An experimental setup for the demonstration of loss-tolerant quantum codes
Inspired by quantum mechanics, people have been dreaming of a new type of computers to revolutionize computing technique - quantum computers. Such dream machines will take advantage of the fact that the quantum bit (qubit), the fundamental unit of quantum information, can be in a superposition state and thus is able to store massive data and solve complicated problems at an incredible speed beyond the capacity of classical computers. To put this idea into practice, however, scientists are facing many hurdles, notable among which is the problem of qubit loss in quantum computers due to various reasons, including the disturbance from environmental noise.
Recently, a cleverly designed experiment by a group of physicists led by Prof. PAN Jianwei from the University of Science and Technology of China (USTC), CAS, might shed some new light on this seemingly frustrating reality. For the first time ever, the group experimentally demonstrates a method of quantum coding to overcome the qubit loss error, a kind of decoherence especially prevailing in photonic quantum computation (QC). The work was reported in the 12 August issue of PNAS
Qubit loss can occur in photon-based QC when for instance, photons are absorbed by the environment or fail to be picked up by a detector. This detrimental effect destroys the information carried by the qubit, introducing errors to the system. Furthermore, qubit loss error can also happen in some multi-level quantum hardware systems, such as those aimed at dealing with the states of multiple particles in ion traps and optical lattice. Theoretically, the states of qubits are defined in a two-level space, whereas in such multi-level systems the state of qubit can leak out to a larger space. In fact, most proposed quantum hardware involves multiple levels; therefore it has become a common issue for physicists to protect the fragile quantum information from loss due to the "leakage", provided that the whole quantum system remaining in the qubit space is the underlying assumption for the QC.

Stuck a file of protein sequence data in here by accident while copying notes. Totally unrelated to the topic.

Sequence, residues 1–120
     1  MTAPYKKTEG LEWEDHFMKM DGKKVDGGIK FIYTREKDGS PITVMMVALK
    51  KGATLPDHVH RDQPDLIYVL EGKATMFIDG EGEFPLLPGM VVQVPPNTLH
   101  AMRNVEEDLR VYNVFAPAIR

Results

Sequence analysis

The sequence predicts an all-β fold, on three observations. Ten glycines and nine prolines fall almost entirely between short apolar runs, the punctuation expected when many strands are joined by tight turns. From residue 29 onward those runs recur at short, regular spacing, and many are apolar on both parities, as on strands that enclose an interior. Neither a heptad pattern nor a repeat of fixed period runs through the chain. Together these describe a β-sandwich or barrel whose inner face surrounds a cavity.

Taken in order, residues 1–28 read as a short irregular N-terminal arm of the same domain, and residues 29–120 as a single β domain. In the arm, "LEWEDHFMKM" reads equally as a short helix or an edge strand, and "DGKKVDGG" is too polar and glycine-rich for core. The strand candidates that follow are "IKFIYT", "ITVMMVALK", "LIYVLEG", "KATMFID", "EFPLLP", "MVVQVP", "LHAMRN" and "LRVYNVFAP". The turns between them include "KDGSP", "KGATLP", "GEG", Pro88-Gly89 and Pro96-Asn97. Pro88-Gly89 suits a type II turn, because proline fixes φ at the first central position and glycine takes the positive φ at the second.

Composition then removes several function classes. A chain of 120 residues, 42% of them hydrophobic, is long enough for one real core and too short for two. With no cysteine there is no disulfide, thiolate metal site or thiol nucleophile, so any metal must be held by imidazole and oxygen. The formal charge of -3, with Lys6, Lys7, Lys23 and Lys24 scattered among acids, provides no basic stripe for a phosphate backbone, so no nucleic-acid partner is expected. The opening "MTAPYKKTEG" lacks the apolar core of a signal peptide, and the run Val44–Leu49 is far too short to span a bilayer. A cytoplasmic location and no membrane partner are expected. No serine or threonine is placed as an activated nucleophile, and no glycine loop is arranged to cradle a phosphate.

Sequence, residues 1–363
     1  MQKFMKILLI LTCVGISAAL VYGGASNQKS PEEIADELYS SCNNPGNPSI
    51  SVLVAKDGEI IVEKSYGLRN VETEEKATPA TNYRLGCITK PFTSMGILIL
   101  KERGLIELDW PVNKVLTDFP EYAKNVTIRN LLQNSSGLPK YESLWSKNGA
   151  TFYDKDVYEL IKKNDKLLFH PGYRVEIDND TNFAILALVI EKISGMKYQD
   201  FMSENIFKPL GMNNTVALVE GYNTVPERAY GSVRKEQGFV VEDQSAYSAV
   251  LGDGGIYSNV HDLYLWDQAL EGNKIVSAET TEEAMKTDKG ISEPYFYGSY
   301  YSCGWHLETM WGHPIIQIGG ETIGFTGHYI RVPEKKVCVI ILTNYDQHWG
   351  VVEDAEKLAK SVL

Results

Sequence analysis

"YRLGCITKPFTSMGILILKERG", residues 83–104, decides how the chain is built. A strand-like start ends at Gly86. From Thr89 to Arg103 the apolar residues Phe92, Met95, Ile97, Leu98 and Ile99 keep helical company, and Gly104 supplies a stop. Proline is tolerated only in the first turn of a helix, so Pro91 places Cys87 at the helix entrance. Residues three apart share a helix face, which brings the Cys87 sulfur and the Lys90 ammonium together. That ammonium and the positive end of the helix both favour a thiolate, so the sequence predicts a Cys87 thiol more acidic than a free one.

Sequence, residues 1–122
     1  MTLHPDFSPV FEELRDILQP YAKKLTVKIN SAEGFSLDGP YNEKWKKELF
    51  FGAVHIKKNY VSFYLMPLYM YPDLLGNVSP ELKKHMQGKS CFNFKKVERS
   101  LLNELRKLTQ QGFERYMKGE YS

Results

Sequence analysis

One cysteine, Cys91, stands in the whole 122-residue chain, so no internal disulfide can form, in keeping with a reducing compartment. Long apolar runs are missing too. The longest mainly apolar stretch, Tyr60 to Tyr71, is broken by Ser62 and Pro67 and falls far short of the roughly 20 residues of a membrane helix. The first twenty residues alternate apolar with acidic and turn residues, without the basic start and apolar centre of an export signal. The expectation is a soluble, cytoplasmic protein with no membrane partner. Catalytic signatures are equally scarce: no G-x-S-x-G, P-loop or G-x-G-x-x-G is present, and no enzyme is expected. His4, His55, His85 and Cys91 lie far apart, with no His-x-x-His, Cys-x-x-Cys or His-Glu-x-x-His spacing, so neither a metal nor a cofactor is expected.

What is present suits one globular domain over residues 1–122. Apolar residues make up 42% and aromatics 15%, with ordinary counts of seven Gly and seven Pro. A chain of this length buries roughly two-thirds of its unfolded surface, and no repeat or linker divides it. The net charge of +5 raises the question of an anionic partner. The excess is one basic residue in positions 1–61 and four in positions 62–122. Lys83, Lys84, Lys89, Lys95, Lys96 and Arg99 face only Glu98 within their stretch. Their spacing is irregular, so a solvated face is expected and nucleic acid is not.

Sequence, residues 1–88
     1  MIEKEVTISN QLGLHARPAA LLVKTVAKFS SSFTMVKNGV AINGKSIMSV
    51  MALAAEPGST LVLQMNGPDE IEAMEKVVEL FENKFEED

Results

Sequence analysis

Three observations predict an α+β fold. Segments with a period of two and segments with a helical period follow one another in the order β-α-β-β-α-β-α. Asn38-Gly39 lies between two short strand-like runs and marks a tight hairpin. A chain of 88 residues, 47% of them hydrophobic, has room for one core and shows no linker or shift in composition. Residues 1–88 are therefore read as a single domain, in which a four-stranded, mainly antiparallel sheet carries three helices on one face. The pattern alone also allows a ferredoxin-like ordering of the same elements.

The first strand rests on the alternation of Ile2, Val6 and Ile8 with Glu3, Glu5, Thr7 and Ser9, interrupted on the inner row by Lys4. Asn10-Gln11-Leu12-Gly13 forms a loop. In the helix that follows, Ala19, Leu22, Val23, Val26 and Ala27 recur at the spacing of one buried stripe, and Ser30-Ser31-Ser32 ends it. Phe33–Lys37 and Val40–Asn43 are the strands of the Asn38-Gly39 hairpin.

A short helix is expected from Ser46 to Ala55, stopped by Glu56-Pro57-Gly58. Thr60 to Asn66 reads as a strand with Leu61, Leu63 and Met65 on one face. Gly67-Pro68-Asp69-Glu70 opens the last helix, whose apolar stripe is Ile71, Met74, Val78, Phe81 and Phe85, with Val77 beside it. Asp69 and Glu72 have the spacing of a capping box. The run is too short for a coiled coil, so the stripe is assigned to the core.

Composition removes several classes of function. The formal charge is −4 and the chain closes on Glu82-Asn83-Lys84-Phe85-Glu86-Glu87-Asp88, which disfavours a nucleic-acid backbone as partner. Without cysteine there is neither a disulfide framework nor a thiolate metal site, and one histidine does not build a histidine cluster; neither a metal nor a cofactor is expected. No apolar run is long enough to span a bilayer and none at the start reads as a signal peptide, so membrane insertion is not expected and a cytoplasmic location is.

What the USTC team has demonstrated is that by encoding a single-qubit state with four entangled photons using a specially designed network, the logical information could be protected even if any one of the photons is lost. This research is inspired by the early theoretical work of Grassl et al., who in 1997 first proposed a special class of quantum erasure error correction code and proved that a 4-qubit code is sufficient to correct a detected error caused by the loss of one qubit. However, the actual realization of such quantum codes had proved an experimental challenge and was not tackled until 10 years later by the USTC team. It is worth mentioning that the team not only demonstrated the loss-tolerant quantum codes in the conventional quantum circuit model but also in the newly proposed one-way quantum computer model. Their work therefore solves a problem common in many physical systems and is deemed to constitute a necessary step toward scalable quantum information processing.
While optimistic critics are acclaiming the newly achieved progress, the team, however, is cautiously calm. "There are still a lot to do before we can build a practically workable quantum computer. Qubit loss is not the only problem for QC; other types of decoherence are to be overcome," remarks LU Chaoyang, a PhD student with the team. "But good news is, the loss-tolerant quantum codes demonstrated in our work can be further concatenated with other quantum error correction codes or decoherence-free space to tackle multiple decoherence, and may become a useful part for future implementations of quantum algorithms."
The USTC team has been focusing on photonic quantum information processing for some years. Previously, this group achieved a series of breakthroughs, including free-space quantum key distribution over a 13-km free space, five- and six-photon entanglement, demonstration of quantum logic gates and Shor's algorithm. The team is currently expanding their work toward manipulations of larger quantum computers and long-distance quantum communication by combining the technique of quantum memory based on atomic ensembles.